Sparta’s mass slavery system was rocked by frequent Helot revolts. They were invariably crushed by the better trained and better equipped Spartan forces. Afterwards, savage revenge was visited upon the subdued rebels. After one such revolt, thousands of Helots were gaily decked out, marched out of town, and never heard from again. The biggest revolt came in 464 BC, after a major earthquake struck Sparta and killed thousands. The Helots took advantage of the turmoil, and made another bid for freedom. They rose up, and established a fortified base in the mountains.

In his Life of Cimon, the historian Plutarch described how a massive Helot revolt erupted in the Eurotas River valley, in the heart of the Spartan home region of Laconia. The rebels figured that their masters, reeling from the disaster, had to be at their weakest, so they struck. However, one of the Sparta’s kings (they always had two monarchs), Archidamus II, rallied the Spartans to crush the revolt. It was a close-run affair, and the Spartan authorities were forced to ask their neighbors for help in accordance with mutual assistance treaties.

We Are Still Learning Weird Things About Ancient Sparta
The Helot Revolt. Poetry In Form

The End of Spartan Helotage

The Athenians were among the Greek city states whom the hard-pressed Spartans asked for help to suppress the Helots. A conservative faction led by Cimon controlled Athens at the time, and so 4000 Athenian soldiers were duly sent to Sparta’s aid. However, once they arrived, the Athenians’ radical democracy ideas alarmed the Spartan authorities. They feared that such notions would spread to their Helots and further fuel the uprising, or that the Athenians might even switch sides. So the Spartans sent the Athenians back home.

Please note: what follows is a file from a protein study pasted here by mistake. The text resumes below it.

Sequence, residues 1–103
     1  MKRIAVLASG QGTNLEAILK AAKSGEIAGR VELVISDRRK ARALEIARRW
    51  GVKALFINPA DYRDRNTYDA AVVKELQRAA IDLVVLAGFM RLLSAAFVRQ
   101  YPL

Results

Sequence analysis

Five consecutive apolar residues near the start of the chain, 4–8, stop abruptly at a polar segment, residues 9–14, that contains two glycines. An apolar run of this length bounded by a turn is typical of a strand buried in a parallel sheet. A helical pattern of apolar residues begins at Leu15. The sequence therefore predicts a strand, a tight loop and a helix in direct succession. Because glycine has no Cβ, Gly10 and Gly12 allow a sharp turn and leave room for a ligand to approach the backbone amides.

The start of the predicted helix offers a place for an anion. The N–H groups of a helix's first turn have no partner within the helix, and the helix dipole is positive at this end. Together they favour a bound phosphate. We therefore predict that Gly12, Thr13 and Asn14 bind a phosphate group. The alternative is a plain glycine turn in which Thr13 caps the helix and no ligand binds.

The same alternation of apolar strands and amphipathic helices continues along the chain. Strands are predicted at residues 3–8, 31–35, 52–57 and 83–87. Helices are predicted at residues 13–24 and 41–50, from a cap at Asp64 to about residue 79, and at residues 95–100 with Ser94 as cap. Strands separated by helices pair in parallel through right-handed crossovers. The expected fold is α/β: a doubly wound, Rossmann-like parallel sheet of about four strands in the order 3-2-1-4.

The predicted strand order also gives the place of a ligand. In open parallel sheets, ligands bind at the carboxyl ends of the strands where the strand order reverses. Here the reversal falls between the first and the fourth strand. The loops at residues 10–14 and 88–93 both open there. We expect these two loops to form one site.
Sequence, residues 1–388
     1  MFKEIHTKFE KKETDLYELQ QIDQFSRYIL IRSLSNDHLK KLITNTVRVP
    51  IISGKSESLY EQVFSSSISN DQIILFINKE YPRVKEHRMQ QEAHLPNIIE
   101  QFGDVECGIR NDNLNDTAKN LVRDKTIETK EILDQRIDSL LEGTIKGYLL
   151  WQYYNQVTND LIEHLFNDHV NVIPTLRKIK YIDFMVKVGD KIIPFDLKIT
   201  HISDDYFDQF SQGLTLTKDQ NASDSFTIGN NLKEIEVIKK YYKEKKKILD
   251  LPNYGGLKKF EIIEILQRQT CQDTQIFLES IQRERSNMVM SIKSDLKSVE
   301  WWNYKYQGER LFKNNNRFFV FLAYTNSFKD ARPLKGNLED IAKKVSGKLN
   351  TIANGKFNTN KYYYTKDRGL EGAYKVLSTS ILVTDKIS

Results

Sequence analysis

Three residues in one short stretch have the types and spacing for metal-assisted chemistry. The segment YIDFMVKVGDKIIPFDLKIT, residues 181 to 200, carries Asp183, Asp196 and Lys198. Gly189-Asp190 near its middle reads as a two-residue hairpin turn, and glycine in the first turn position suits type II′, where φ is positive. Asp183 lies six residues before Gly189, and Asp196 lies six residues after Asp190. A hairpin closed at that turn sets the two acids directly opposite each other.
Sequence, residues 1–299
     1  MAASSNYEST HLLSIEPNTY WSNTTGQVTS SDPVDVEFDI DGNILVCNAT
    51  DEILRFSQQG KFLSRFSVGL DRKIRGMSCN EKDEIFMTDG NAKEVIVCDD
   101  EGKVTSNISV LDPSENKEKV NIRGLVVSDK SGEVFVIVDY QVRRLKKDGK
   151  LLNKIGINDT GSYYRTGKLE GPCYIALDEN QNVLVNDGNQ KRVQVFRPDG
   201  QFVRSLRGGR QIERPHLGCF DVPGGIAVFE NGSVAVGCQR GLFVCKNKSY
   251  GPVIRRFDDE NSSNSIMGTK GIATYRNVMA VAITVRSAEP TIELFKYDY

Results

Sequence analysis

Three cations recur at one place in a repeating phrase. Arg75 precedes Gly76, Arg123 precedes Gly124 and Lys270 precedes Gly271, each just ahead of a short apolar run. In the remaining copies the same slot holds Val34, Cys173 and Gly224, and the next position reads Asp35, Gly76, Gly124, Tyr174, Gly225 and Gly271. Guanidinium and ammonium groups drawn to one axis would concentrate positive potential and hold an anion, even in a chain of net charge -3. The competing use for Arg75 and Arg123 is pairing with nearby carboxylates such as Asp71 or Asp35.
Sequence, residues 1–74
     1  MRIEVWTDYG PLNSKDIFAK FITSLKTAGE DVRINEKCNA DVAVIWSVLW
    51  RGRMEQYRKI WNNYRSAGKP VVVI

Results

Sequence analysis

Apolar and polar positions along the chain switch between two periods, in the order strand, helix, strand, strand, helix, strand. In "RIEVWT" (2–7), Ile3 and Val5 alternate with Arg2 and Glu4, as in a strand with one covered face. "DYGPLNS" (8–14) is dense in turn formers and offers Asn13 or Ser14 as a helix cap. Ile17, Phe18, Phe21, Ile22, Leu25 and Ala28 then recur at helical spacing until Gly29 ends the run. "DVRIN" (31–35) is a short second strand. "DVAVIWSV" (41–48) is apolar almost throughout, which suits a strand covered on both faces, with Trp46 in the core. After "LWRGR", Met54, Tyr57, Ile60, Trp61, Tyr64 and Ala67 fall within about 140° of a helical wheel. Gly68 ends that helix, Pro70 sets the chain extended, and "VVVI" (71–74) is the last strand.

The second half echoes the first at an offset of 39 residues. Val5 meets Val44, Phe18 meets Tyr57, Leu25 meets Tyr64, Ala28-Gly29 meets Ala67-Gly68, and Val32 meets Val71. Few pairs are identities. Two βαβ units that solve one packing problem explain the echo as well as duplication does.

Insulted, the Athenians threw out their conservative leaders and repudiated their alliance with Sparta. Left to their own devices, the Spartans eventually managed to crush the Helot revolt after a bitter struggle that lasted for two years, and finally ended in 462 BC. They then subjected their slaves to yet another round of cruel reprisals. The Helots finally gained their freedom a century later, when Sparta was crushed by Epaminondas of Thebes. As seen below, he realized that the Spartan state’s economy depended upon mass slavery. So he kicked the props out from under the Spartans and liberated the Helots. That set Sparta, once the Greek world’s most dominant and feared state, into a downward spiral from which it never recovered.

We Are Still Learning Weird Things About Ancient Sparta
The Spartan krypteia were deployed to terrorize and subjugate the Helots. K Pics

The General Who Ended the Myth of Spartan Invincibility

In 378 BC, war broke out between the ancient Greek city states of Thebes and Sparta. The Thebans had their work cut out for them. Other Greek city states staffed their phalanxes with citizen soldiers – civilians who temporarily took up arms in wartime. By contrast, Sparta’s citizens were professional soldiers. They began to prepare for a lifelong martial career at age seven in a brutal military academy, and spent the rest of their lives training for war. Sparta could afford that because of massive slavery. As seen above, the Spartans had conquered their Messenian neighbors in the eighth century BC, then turned the entire Messenian population into state slaves known as Helots.